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Vehicle dealership sued in federal court

A vehicle dealership is being sued in federal court for allegedly inappropriately receiving between $4.6 million and $11.1 million in Coronavirus Aid, Relief and Economic Security Act (CARES Act) to provide emergency relief to small businesses facing payroll difficulties.

Blaise Alexander Dealerships is named as a defendant in civil litigation unsealed in U.S. Middle District Court Friday.

The lawsuit alleges the dealership applied for and received at least 13 separate paycheck protection program loans, spent the payroll funds as required and then allegedly made its salespersons reimburse the Small Business Association for these funds by withholding their sales commissions.

The lawsuit was filed by Branden Bucher, acting as “relator” for the government’s case. Bucher, since 2018, has been a salesman for the dealership at Sunbury, according to the lawsuit.

The lawsuit alleges the dealership wasn’t eligible for such loans due to regulations prohibiting loans to businesses of its size. As such, Bucher and his attorneys allege the dealership committed a violation of the False Claims Act.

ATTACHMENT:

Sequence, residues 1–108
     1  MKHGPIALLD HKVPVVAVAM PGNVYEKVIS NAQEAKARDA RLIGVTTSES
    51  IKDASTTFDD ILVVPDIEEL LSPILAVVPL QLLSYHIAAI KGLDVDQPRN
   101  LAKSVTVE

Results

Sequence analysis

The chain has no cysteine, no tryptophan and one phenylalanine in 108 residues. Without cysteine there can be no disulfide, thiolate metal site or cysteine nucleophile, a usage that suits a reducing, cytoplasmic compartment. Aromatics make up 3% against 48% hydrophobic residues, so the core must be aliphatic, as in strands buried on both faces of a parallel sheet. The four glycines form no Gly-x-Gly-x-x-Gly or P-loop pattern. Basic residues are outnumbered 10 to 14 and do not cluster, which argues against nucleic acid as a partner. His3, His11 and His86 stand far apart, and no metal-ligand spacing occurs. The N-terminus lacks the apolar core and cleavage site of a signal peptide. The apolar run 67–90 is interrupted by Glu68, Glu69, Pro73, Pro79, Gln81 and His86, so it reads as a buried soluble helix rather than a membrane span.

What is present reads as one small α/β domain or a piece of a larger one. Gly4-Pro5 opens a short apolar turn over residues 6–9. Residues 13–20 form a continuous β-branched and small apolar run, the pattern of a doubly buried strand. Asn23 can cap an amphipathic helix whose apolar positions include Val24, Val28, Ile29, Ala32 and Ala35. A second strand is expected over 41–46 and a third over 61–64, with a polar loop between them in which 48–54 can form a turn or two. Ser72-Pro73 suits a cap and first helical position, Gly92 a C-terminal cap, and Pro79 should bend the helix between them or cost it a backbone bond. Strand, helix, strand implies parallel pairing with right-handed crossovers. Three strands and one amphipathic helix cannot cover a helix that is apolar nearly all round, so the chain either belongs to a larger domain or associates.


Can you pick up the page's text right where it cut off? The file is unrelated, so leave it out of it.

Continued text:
The act reflects the government’s ability to recover losses as a result of alleged fraud, Bucher said. The allegations by Bucher include presentation of false claims, false record or statement and avoiding obligation.

Alexander listed loans in its dealership that helped to retain 737 jobs.

The dealership has more than 1,200 employees across 19 locations in the state, according to the suit.

Congress passed the Coronavirus Aid, Relief and Economic Security Act (CARES Act) to provide emergency relief to small businesses facing payroll difficulties.

The act was passed on March 27. It empowered the Small Business Administration to make loans to eligible small businesses under the paycheck protection program. The purpose was to keep workers paid and employed. The business is eligible if it employs not more than 500 employees, the suit said.

In response to the allegations contained in the lawsuit, Joel Breneman, director of operations for the dealership, said the lawsuit was “frivilous.”

“I can confidently say that these allegations are false and this is an attempt by an individual to benefit from a frivilous suit,” Breneman said.

The dealership followed guidance from the Pennsylvania Automotive Association and PNC Bank, he said.

The guidance was to ensure the dealership met all qualifications and the funds were used properly, Breneman said.

The paycheck protection program loan program allowed the dealership to bring back all of its employees at their normal pay, even during a time of heavy restrictions on automotive dealerships under Gov. Tom Wolf’s orders, Breneman said.

“At no time was any employee asked to return wages that they received,” he said.

U.S. Middle District Court Judge Matthew W. Brann said he has scheduled a case management telephone conference with the attorneys in the case. Bucher and his attorneys are demanding a jury trial.

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